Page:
To Save the Devil
By Kate Moore
Release Date: October 5, 2010
I started 2010 raving about To Tempt a Saint, the first book in Kate Moore’s Sons of Sin trilogy that tells the stories of the three sons of Sophie Rhys-Jones, an extraordinarily beautiful London courtesan. I was intrigued with the premise, interested in an atypical view of Regency London, and jubilant over the return of an outstanding writer to historical romance. Not only was it an A read for me, it was also a book I wanted to make sure other readers knew about. To Save the Devil, the second book in the series, may have suffered in comparison. It’s a well-written book with an interesting hero and an unusual heroine. I finished it happy to have read it but without the compulsion to shout its glories to the romance-reading world that the first book evoked.
Will Jones, former soldier and former Bow Street Runner, is driven to find his younger brother and reunite him with the family and to destroy the corrupt Archibald March, who is weakened but still free to play his nefarious games. Will, a master of disguise, becomes the Vicomte de Villard and pays a visit to a brothel owned by March. His mission to search the place is postponed when he becomes aware of the barefoot, drugged beauty about to be auctioned off to one of the lechers eager for one night with a virgin. Will makes sure he wins the bidding and then uses his escape plan to rescue the virgin. The problem is Helen of Troy, as she has been introduced, is not interested in his rescue. In fact, she is adamant that she will not leave until she has what she came for. Will ends up forcing her to escape.
The rest of the story plays out as Will and Helen of Troy, the only name she gives him, try to use one another to achieve their different but connected goals. Will’s past as a bastard son of a courtesan and as a military and civilian professional trained in covert action predisposes him to distrust everyone. Helen’s goal of recovering incriminating letters that can ruin her mother’s life is as vital to her as Will’s mission is to him, and she too is committed to the belief that she is safe only if she relies on herself. Unable to trust one another, they pursue their goals independently even after they form a partnership of sorts. At the same time, they fight a mutual attraction that is powerful enough to destroy all their plans.
The threats these characters face are not straw men bur rather truly evil characters who are willing to use any means to protect themselves and their power. Arrogant, self-serving politicians and hypocritical do-gooders who exploit the people they purport to help are villains whose credibility rings true in any age. The lost boys broke my heart, and, in a different way, so did the life of the heroine, so barren that she finds color and meaning only as she adopts the identity of the mythical Helen.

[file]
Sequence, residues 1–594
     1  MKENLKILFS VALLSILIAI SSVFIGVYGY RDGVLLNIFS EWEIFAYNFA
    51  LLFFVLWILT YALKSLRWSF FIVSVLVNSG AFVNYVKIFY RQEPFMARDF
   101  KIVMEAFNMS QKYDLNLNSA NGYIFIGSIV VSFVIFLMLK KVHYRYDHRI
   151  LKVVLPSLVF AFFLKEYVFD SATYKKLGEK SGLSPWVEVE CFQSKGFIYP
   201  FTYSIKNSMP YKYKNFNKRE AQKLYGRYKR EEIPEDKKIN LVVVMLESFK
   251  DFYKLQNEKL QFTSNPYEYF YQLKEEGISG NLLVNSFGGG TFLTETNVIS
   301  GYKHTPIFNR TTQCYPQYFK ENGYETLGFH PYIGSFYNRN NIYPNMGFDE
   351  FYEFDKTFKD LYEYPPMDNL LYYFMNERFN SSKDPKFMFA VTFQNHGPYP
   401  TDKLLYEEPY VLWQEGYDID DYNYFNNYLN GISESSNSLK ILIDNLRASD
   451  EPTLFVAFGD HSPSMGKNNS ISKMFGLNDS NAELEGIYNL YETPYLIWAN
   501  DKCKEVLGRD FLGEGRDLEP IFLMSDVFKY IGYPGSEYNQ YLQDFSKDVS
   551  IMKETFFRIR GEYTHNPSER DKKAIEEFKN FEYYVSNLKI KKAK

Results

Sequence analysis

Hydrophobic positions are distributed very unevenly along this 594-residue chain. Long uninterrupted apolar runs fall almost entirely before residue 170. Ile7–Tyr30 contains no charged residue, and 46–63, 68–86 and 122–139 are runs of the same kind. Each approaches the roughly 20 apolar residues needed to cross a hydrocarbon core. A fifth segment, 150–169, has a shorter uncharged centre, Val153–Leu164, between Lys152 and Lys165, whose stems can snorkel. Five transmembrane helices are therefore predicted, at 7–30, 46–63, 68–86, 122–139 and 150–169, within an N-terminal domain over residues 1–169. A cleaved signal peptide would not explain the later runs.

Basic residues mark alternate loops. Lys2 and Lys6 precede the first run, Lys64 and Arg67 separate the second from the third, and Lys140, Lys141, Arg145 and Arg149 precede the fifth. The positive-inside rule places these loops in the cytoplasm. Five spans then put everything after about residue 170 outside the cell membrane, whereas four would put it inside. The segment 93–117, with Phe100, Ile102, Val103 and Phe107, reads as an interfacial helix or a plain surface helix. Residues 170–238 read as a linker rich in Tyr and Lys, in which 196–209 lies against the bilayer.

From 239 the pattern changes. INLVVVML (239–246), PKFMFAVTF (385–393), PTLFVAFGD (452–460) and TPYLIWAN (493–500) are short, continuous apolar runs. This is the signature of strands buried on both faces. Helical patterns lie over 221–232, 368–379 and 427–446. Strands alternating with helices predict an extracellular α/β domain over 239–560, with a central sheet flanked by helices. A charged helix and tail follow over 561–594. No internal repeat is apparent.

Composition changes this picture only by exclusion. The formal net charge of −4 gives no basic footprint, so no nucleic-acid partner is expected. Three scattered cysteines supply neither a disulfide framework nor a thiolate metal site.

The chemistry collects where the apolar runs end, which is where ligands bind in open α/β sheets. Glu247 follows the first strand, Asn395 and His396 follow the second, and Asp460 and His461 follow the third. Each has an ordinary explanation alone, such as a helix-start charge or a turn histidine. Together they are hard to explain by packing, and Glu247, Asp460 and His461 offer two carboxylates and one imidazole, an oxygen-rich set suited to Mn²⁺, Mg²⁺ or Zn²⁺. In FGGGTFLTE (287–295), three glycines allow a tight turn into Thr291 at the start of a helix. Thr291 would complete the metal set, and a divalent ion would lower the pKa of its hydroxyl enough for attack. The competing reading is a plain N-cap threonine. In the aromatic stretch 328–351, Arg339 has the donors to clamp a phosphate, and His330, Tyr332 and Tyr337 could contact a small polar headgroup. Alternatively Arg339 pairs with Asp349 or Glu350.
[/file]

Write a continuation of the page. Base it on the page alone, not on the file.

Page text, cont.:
Despite the darkness of setting and plot, the book is leavened with light moments. Moore again uses the play of darkness and light literally and thematically. Xander, the eldest of the Jones brothers and hero of Book #1, is still working to bring gaslights to London streets that are darkened by an absence of hope as well as by a lack of physical light. It is not mere chance that Helen “borrows” candlesticks when she runs away from Will’s mysterious apartment, nor that the lengthiest love scene is lit by braces of candles and a “bright fire.”
The banter between Will and Helen speaking as the Great Beauty of Troy is often witty and sometimes poignant. I think Will’s “torture” of Helen when he reads aloud to her from cheap porn may be one of the most original and most amusing moments in my romance reading. And Moore is a gifted stylist; the prose itself is lucid always and lyrical often.
Will is an unconventional romance hero not only in his history and choices but also in his looks. Moore makes us see his unconventional appeal through the heroine’s eyes:
His dark brows met in a furrow above a nose that must once have been straight perfection, but that now had a slight bend midway. His upper lip, too, was marred, not quite meeting the lower on the left side. His intense gaze, his shadowed jaw, and his wild jet hair made her think of the mad things he did—breaking furniture, dropping out of windows, clinging to the roof of a careening coach, so at odds with this homely act of bandaging her wounded feet.
Moore shows us that a kiss is rarely just a kiss. I was reminded in this passage of conceits used by poets such as John Donne and Andrew Marvell:
He meant to go slowly, to teach her how mouths could cling, explore, and yield, but she tasted like Spain, like wine and spice and oranges, like a city opening its gates to the victor, and he plunged in, taking sighs like prisoners.
At this point, you may be wondering why I rated a book that I so clearly loved only four stars. One of the reasons is that things unraveled too quickly for my taste at the end. A major villain, one who has hung heavy over two books, is disposed of in three brief paragraphs. I wanted more. Then there are some unanswered questions that troubled me. Will spends money freely, and he lives well. The price of his bed alone would probably support several poor families for some time. But I never know the source of his wealth. Then, I worry about the boys freed from the school March sponsored. Kit’s flock follows him, and the wily Wilde is accounted for, but what happens to the others? Do they become children of the streets? These questions are not enough to prevent me from recommending the book, but they are sufficient for me to attach a warning to the recommendation that readers may be left with less than a fully satisfying sense of closure. Still, I know that I’ll reread both TTAS and TSTD. I adored the saint, remain intrigued by the devil, and look forward to the angel. The conclusion to the trilogy, To Seduce an Angel, will be released fall 2011.